The two surveys show many of the same trends, though Utahns were more likely to say a business meeting was appropriate than respondents in the national poll.
Also, about 60 percent of men and women in Utah said that lunch was appropriate. That’s higher than the national figure. About 43 percent of women and 52 percent of men surveyed in the national poll said lunch with a man or woman other than a spouse was OK.
Geist says the difference between the Utah poll and the national poll may be that Utahns are more likely to draw a line between daytime and nighttime activities.
“People have these strong guidelines in their lives, especially if they are religious,” she said. “And maybe that’s where they draw the line that it’s aboveboard.”
The Utah poll found that the oldest people, conservatives and those who are active in The Church of Jesus Christ of Latter-day Saints were more likely to find such one-on-one interactions problematic.
Only 14 percent of “very active” Utah Mormons believed it was appropriate for a man and a woman who are not married to have a drink together — Latter-day Saints, of course, are taught to eschew alcohol — while 38 percent of inactive Mormons were OK with that. Big majorities of Catholics, Protestants and those who said they had no religion found such a meeting to be appropriate.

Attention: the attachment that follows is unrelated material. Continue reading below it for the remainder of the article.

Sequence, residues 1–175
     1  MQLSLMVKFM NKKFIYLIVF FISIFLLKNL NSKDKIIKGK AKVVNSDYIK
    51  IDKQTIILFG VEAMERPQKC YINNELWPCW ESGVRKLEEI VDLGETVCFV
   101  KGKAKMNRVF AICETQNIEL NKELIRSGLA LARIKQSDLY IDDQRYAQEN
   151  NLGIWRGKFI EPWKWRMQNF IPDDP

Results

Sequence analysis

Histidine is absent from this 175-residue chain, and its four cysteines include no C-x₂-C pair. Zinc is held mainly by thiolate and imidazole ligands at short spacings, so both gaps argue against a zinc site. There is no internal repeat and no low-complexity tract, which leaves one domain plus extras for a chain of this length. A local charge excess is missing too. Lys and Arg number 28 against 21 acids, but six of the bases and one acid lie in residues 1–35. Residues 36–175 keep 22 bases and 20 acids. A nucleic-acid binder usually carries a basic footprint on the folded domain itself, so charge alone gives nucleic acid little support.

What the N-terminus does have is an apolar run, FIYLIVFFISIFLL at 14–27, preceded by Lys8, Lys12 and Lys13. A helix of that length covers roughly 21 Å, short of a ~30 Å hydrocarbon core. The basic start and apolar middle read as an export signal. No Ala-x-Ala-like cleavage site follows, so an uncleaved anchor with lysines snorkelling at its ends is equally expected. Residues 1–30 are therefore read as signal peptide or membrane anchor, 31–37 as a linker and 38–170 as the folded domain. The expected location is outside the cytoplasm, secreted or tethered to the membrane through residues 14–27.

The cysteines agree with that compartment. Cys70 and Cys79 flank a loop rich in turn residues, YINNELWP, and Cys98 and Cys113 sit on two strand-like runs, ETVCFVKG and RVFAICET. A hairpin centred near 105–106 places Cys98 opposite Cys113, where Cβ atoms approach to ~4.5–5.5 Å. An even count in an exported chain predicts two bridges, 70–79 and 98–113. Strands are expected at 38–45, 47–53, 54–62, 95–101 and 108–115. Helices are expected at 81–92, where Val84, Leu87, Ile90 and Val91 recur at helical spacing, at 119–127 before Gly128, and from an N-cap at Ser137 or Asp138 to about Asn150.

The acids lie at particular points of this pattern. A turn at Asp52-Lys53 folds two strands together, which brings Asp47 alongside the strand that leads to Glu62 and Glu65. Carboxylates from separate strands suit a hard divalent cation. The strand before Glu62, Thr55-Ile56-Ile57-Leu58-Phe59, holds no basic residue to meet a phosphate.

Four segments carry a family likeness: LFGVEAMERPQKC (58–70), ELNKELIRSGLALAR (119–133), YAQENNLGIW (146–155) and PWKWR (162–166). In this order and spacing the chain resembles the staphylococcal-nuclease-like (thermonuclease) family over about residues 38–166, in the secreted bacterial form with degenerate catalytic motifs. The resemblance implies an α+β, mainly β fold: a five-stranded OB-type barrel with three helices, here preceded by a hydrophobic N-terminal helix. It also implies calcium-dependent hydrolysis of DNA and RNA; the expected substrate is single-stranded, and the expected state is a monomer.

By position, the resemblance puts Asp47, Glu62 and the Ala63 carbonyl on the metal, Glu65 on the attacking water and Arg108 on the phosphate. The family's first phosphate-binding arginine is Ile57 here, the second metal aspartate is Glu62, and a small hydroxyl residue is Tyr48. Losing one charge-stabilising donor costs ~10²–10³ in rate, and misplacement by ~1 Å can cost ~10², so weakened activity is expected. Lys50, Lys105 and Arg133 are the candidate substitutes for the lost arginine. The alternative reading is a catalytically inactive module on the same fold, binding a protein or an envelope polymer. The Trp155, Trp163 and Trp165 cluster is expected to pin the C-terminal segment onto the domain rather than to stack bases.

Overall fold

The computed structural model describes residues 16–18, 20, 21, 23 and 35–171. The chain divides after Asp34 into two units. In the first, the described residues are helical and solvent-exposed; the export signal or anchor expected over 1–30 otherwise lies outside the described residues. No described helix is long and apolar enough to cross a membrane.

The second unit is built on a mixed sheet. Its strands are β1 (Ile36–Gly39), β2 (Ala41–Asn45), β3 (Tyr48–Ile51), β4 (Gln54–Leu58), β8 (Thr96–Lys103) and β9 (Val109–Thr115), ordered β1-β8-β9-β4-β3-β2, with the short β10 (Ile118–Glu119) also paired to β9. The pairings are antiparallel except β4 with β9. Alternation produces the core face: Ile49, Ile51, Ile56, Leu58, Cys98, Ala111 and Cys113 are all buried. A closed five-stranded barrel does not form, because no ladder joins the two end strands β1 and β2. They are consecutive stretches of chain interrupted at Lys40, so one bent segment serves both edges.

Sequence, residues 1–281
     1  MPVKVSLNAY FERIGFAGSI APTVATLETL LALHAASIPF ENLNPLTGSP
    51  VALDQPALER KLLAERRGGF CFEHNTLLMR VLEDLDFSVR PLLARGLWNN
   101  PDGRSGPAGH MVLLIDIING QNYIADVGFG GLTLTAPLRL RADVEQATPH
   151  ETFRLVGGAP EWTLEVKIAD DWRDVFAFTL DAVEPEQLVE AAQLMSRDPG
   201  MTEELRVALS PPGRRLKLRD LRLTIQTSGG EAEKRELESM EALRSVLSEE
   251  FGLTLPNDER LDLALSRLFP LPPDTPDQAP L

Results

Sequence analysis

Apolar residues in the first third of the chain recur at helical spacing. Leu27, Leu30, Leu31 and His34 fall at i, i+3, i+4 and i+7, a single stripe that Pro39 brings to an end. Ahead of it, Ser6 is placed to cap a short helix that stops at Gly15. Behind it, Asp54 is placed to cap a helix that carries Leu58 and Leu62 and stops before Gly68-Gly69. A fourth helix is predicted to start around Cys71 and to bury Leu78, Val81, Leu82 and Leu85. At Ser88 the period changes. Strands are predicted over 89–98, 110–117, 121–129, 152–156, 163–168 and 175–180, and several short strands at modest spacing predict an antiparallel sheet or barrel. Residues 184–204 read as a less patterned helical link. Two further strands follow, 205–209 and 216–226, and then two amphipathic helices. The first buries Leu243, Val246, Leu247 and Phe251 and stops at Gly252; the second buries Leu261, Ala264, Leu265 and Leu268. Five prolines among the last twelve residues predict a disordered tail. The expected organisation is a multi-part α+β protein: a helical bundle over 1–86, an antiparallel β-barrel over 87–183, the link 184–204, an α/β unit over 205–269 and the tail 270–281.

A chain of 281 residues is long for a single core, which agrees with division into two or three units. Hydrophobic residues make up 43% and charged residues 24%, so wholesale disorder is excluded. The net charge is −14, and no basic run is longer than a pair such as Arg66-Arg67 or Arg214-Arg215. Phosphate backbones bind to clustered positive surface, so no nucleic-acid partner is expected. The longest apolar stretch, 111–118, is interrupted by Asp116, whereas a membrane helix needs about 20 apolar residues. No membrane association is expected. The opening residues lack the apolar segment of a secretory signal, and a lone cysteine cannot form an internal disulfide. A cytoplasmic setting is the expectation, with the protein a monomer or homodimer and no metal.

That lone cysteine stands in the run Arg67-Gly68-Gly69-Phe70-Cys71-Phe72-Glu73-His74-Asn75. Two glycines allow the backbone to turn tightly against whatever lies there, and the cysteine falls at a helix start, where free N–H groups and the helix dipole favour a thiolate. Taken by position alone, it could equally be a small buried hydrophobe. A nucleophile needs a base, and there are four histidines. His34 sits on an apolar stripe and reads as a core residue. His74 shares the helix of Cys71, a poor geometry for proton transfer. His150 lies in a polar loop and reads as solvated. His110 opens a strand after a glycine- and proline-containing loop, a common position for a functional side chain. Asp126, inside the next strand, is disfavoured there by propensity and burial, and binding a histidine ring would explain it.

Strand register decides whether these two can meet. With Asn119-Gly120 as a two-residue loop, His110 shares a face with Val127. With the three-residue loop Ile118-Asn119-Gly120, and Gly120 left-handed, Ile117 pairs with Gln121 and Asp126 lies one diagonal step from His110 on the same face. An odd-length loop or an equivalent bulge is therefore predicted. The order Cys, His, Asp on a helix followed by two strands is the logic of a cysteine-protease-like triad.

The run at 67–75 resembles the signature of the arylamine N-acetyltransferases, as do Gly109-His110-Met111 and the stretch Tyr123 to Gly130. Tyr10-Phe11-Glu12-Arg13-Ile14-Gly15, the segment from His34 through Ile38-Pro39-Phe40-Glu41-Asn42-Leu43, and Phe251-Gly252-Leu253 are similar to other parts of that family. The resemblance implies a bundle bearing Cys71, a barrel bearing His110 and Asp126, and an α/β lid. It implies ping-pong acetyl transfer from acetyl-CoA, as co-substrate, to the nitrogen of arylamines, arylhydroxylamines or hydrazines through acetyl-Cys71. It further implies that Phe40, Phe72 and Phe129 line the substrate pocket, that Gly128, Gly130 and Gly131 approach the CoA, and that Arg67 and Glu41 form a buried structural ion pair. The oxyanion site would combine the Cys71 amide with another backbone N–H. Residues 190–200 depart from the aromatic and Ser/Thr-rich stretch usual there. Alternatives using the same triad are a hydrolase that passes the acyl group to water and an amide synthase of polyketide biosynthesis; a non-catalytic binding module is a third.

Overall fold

Most practicing Mormons also frowned on a man and a woman who are not married having dinner together, with only 22 percent saying such an activity is appropriate.
“Utah Mormons don’t really have happy hours,” said Renae Cowley, a lobbyist in Salt Lake City. “Evenings are pretty sacred.”
Cowley said she understands why men and women said they feel so strongly that a night meeting or dinner is worrisome.